A popular story in science folklore is that the aerodynamics of bees suggest that they should not be able to fly. It was hotly debated in at a time when human flight via aircraft was being mastered (around the 1930’s). Because physicists and aerodynamic specialists had started to develop theory of ‘predictable flight’ with machinery, they believed their knowledge applied to all forms of flight.
(Hand drawn by Sarah Cameron)
Of course bees do fly. A bee is very small. And, at that size, air acts as a much more viscous fluid than it does for airplanes and helicopters. So the laws of aerodynamics are quite different for bees and other insects. But it took some time before this was understood and that new theoretical models were developed relative to the size of the thing of flight.
The point for entrepreneurs is important, especially at a time when technology is challenging existing business models. So the next time someone tries to put the kybosh on your new idea or startup remember that based on yesterdays knowledge, bees can’t fly.
I caught up with all round good guy Ned Dwyer yesterday. We chatted about many things, of which the top of the list was the recent launch of “And now it’s in print.” A project Ned is heavily involved with. Let me just say this. It’s one of my favourite startups this year. The world over. For many reasons, but here’s one:
I asked Ned what the business model was, and this was his reply:
“It’s too important to have a business model. We decided instead to just make something awesome and see what happens”
That’s it my friends, the startup ethic we all need to aspire to. Doing it because it matters.
A couple of other smart ideas entrepreneurs can take note of.
– They limited their production run to 500 copies (invent demand through limiting supply)
– All the articles and visuals are from content they found on line (blending off line & on line worlds)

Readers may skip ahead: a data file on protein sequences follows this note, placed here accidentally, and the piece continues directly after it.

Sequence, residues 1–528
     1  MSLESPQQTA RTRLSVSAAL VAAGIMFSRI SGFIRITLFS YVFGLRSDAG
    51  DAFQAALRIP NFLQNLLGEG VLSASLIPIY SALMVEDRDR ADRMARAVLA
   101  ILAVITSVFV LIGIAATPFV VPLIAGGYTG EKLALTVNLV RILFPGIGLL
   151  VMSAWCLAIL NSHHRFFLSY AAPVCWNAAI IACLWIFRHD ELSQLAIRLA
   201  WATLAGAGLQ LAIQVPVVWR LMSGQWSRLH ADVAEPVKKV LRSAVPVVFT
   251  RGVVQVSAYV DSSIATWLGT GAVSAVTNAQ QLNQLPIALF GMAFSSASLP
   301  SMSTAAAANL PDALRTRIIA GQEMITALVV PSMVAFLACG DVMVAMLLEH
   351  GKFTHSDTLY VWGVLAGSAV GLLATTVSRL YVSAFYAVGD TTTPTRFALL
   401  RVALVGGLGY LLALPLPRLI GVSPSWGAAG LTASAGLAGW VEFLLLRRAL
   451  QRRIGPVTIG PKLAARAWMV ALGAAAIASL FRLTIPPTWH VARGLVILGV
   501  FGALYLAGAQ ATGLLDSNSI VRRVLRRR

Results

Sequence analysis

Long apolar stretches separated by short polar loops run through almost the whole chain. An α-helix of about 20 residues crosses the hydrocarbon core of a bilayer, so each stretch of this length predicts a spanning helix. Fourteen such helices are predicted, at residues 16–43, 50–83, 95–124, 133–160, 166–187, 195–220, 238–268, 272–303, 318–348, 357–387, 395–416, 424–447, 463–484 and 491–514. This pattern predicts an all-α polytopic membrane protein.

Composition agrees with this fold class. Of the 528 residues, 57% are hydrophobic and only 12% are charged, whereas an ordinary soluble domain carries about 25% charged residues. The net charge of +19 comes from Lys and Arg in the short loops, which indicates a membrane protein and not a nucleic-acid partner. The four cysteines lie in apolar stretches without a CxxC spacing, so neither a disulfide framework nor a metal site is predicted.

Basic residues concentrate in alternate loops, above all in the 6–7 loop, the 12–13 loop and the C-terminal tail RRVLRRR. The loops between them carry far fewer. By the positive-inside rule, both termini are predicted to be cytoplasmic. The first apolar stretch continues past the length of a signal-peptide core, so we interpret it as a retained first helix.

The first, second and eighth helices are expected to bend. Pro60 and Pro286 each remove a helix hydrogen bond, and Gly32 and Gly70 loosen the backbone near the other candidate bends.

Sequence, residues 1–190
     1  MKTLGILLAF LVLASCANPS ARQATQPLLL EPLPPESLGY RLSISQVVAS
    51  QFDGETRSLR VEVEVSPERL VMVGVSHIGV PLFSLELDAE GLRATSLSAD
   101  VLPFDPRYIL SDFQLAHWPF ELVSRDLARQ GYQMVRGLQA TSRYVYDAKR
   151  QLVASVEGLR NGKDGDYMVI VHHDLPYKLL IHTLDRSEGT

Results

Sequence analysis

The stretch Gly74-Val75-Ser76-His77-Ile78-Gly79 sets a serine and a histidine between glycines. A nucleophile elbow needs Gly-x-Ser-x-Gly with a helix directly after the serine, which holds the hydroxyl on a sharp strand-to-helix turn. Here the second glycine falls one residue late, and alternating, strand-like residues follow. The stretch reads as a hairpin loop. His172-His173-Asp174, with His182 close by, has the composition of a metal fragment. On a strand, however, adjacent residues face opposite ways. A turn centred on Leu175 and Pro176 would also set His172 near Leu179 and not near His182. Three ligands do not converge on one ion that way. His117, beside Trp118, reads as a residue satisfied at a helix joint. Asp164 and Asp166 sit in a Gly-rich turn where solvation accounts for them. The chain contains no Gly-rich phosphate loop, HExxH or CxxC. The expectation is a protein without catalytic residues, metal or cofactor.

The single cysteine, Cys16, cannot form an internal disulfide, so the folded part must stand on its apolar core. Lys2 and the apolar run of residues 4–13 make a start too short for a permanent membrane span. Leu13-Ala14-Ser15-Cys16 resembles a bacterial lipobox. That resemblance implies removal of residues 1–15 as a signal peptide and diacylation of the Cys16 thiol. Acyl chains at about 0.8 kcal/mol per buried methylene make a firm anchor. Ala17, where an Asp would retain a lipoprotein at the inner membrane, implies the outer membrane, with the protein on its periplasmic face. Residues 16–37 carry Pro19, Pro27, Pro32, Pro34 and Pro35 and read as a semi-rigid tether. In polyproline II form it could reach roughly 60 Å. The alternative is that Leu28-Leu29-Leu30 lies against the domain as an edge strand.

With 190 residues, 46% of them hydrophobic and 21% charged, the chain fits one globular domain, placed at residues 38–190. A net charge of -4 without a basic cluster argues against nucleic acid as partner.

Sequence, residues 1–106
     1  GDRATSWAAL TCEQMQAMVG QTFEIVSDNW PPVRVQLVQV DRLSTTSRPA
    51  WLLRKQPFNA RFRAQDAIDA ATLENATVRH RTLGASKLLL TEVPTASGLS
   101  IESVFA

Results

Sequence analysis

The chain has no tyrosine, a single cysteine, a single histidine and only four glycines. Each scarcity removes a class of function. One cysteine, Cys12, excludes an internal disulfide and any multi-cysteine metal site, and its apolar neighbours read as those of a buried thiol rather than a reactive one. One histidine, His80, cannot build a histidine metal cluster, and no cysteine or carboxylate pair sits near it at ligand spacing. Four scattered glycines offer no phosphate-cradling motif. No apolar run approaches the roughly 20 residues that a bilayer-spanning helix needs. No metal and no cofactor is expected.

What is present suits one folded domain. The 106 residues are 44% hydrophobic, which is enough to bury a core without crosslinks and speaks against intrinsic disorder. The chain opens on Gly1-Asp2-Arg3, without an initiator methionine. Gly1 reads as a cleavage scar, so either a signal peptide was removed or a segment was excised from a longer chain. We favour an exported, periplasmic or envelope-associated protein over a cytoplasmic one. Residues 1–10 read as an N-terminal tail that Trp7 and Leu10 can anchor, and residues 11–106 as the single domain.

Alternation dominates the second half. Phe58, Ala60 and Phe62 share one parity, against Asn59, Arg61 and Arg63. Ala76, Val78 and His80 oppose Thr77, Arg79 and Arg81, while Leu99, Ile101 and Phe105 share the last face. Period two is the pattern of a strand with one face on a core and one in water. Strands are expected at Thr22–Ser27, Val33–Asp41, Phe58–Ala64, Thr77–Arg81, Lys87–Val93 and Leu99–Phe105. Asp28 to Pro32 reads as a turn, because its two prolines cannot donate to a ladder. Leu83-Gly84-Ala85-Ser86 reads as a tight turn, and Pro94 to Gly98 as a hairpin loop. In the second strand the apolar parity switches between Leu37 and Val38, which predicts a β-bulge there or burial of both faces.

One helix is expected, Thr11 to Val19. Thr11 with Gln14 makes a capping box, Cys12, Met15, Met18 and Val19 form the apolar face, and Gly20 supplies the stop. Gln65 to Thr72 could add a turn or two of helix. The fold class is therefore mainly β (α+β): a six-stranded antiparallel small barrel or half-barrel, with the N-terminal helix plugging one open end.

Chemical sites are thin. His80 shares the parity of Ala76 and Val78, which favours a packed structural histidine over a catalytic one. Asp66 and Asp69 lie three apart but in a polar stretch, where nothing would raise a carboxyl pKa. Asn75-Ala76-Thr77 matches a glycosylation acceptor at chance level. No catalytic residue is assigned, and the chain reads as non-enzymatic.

– The idea was borrowed from South by Southwest (share ideas, re-interpret)
– They proved print can still be awesome. (Print isn’t dead, print industry management is brain dead)
– They set themselves an impossible launch deadline, and made it. (Don’t think too much, get it out there)
Kudos from me.
Some fun pics from the launch here. More info here: andnowitsinprint.com
In nature, with every second something lives for, it’s probability of continued life increases exponentially.
The lessons for startups is simple, do the stuff that keeps you alive longest. And the most important thing we can do for our startup is keep our costs low. Low cost operations gives us the advantage of time. And time is the most important asset when it comes to working out our business model. Not capital, not technology, not employees, not research. Just time.
It costs the soft drink Industry over $100 million a year for thefts committed involving vending machines.
*actual Coke vending robots!
Yet vending machines still exist for one simple reason. This is still a profitable business regardless of the theft.
So often in startup land we here people pointing out the gaps and potential issues in any business model we propose. The fact is no business model is perfect. Every business has gaps and potential issues which will impact profitability. There is always leakage, there is always some evaporation. What we need to focus on is the net result and understand if we can still make a profit regardless of the model imperfections.